Many of Quito’s neighborhoods have their markets, but the largest of them all is San Roque. Located in an indigenous barrio, it has all the actions of a village mercado, in the colonial heart of the city.
San Roque’s market is daily, but Saturday is the busiest day. Walking across the bridge over Avenida Mariscal Antonio de Sucre, you’re suddenly thrust into the bustle. In the alley alongside the main building, furniture makers are hawking their wares. On spread-out cloths, a strange miscellanea of items—from parts for blenders to cell phones—glisten in the weak morning sun. Another aisle has heaps of used clothing. Waiters run bowls of hot soup to vendors making another sale. Women stoop in front of pails full of snail ceviche.
Emerging onto Calle Loja, the scene is ablaze with fresh fruit and vegetable stands. On the west end, past the Esmeraldan women with yucca, onions and plantains, is the fish market.
Bundles of still-alive crabs clack their claws. Bags of shrimp shipped overnight from the coast are weighed. In cramped cages, chickens wonder their culinary fates.
The produce sections stretch for blocks, from Cantuña up to Cumandá, from Loja over to Calderón. Women, dressed in wrapped-around lengths of velvet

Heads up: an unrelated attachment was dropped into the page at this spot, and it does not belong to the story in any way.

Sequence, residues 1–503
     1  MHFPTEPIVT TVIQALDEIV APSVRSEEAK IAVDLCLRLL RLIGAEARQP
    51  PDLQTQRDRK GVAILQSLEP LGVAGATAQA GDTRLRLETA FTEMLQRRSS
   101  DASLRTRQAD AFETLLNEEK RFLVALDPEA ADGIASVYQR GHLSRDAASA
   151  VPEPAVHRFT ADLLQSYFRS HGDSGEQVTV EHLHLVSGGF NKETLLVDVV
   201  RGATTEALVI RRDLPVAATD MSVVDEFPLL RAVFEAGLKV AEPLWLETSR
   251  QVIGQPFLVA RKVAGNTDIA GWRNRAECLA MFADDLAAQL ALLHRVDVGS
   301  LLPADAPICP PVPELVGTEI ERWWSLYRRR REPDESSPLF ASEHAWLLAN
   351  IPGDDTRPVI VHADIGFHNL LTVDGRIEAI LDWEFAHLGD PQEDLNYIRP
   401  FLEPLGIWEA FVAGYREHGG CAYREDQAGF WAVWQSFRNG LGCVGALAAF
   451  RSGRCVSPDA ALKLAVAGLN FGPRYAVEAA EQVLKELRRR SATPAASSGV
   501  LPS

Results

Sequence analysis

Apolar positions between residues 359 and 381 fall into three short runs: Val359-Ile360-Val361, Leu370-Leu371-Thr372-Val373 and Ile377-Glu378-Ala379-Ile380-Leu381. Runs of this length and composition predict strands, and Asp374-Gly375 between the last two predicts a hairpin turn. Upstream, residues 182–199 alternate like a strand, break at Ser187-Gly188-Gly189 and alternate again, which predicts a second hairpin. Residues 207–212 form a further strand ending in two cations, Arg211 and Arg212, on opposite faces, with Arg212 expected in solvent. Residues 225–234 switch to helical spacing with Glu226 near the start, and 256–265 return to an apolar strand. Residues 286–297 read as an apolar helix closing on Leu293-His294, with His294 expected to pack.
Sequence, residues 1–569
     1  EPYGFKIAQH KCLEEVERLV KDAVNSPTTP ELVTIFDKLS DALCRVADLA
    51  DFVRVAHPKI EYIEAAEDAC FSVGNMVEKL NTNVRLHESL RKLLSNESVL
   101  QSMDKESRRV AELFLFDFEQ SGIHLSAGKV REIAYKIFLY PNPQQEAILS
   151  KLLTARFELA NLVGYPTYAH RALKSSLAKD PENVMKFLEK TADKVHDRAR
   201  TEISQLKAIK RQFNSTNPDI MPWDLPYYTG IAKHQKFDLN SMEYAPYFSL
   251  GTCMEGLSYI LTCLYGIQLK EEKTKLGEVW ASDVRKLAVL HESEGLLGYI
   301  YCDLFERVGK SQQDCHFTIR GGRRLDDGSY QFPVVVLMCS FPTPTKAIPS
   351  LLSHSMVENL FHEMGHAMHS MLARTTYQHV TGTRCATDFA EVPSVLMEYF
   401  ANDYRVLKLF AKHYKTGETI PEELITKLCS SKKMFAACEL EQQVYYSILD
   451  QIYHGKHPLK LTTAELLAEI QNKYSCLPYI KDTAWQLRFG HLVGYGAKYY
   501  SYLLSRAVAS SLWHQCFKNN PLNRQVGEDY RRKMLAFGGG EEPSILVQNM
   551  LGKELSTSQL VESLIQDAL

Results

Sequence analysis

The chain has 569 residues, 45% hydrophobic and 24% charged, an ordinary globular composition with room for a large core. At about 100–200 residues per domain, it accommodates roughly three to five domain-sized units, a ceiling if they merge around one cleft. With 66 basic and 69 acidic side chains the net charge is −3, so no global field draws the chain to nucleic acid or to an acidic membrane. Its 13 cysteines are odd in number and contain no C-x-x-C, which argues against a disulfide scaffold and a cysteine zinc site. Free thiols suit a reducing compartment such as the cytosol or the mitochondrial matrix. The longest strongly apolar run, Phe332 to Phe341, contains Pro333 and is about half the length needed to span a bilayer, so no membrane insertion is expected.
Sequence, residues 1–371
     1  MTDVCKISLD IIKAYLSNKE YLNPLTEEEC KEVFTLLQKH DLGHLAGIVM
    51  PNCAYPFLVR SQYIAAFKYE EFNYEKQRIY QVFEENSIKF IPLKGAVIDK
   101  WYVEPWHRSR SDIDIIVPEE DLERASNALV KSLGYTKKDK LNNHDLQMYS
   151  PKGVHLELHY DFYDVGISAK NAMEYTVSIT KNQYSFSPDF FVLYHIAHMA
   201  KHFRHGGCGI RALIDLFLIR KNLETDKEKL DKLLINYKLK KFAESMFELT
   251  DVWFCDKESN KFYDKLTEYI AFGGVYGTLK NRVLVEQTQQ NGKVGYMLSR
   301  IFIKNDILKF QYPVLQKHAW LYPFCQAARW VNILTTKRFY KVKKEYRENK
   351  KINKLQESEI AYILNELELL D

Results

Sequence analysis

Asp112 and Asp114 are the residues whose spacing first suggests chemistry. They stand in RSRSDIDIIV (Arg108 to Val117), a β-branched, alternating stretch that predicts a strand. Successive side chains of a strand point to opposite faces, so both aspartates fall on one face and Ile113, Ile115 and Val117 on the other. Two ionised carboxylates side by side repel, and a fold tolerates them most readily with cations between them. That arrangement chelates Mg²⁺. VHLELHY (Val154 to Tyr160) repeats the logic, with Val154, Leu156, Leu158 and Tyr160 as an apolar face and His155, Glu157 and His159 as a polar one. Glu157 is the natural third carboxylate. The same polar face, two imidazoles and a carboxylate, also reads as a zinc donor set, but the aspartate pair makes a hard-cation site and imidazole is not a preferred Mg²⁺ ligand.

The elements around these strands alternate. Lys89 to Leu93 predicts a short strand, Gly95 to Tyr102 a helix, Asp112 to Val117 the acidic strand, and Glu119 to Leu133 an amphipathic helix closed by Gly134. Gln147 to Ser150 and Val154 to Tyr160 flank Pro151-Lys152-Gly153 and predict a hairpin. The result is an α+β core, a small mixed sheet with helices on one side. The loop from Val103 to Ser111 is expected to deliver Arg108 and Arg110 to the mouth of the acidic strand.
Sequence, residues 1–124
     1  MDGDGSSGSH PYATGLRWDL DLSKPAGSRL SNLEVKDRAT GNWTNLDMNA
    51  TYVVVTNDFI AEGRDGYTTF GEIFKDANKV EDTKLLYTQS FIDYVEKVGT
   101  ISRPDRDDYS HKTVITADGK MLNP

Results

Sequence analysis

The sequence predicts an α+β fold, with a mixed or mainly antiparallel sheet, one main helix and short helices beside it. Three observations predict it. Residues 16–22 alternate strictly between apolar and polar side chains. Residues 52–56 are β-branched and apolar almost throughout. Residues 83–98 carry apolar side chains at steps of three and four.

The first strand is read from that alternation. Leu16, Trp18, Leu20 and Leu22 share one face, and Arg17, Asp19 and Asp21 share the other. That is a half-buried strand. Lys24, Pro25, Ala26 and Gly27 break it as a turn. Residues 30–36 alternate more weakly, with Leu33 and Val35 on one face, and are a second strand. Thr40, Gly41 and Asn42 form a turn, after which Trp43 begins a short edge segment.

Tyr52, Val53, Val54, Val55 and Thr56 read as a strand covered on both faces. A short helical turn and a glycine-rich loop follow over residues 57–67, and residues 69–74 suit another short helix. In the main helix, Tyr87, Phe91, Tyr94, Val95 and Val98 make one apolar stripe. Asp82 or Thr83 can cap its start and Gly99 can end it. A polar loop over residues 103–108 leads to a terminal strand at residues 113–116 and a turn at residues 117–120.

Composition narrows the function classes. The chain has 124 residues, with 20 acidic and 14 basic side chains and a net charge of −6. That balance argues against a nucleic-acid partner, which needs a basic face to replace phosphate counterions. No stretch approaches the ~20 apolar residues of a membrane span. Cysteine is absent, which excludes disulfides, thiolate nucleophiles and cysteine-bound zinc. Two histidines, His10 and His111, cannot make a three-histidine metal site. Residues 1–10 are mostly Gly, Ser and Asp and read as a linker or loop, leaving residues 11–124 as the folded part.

tied off with woven belts, wander the crowded streets. Plastic bags stuffed with homegrown vegies hang from their hands. In Quichua-shrill voices, they call out their offerings: Green peppers, 25 cents. Thirty limes, 50 cents. One holds a plastic bowl mounded with carrots. Another has a row of corn lined on her arm (seven for a dollar). A child has a bowl of peas.
The stands are heaped with pineapples (in this off-season, three for a dollar), melons (five for a dollar). As the harvests come, so do the bargains. Anything cultivated in Ecuador’s jungles, coasts and mountains are for sale here.
San Roque’s market is six blocks from Plaza San Francisco. From the plaza, walk
South on Calle Cuenca to Calle Rocafuerte. Turn right, walking uphill to Quiroga (where there is a stone wall on the southwest corner). Turn left. Just past the Japón public school, turn right and walk over the pedestrian bridge. (You’ll see the San Roque tunnel down below, to your right.) Soon you will be in the midst of the mercado. Once entering, turn left towards Calle Loja. It is extremely crowded, so beware pickpockets and leave valuables at home.